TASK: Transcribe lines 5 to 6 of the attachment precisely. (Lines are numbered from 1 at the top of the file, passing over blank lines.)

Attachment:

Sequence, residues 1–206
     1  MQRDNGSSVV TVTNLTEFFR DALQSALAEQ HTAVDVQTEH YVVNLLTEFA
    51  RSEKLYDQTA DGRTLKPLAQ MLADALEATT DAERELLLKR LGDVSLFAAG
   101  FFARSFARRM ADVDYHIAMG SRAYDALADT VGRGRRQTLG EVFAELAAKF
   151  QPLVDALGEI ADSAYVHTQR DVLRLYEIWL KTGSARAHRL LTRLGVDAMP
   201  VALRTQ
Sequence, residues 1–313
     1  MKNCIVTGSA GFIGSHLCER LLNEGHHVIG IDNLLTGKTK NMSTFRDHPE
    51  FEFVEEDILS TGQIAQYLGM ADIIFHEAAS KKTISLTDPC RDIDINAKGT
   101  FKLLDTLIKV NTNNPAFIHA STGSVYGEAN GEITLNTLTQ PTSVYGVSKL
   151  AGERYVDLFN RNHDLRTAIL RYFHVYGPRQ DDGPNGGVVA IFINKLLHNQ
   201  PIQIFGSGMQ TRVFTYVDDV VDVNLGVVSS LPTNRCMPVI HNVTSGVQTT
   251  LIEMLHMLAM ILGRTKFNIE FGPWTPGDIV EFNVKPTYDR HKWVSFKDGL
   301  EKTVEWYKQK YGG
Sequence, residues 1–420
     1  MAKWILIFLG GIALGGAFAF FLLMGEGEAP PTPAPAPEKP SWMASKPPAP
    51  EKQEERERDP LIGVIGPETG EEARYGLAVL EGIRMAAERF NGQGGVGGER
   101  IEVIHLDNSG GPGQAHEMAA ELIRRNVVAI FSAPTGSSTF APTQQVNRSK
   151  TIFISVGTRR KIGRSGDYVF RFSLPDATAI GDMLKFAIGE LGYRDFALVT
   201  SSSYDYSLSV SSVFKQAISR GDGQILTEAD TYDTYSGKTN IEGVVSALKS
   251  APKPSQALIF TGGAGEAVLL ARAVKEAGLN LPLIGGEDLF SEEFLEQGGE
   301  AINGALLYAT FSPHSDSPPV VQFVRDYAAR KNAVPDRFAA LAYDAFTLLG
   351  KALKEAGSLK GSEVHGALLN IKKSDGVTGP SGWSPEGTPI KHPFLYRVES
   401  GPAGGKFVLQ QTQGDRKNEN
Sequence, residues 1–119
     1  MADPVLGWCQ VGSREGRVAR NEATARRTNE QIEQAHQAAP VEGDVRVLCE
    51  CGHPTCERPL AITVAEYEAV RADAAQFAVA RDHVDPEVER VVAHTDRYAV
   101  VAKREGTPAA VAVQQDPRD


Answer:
   151  QPLVDALGEI ADSAYVHTQR DVLRLYEIWL KTGSARAHRL LTRLGVDAMP
   201  VALRTQ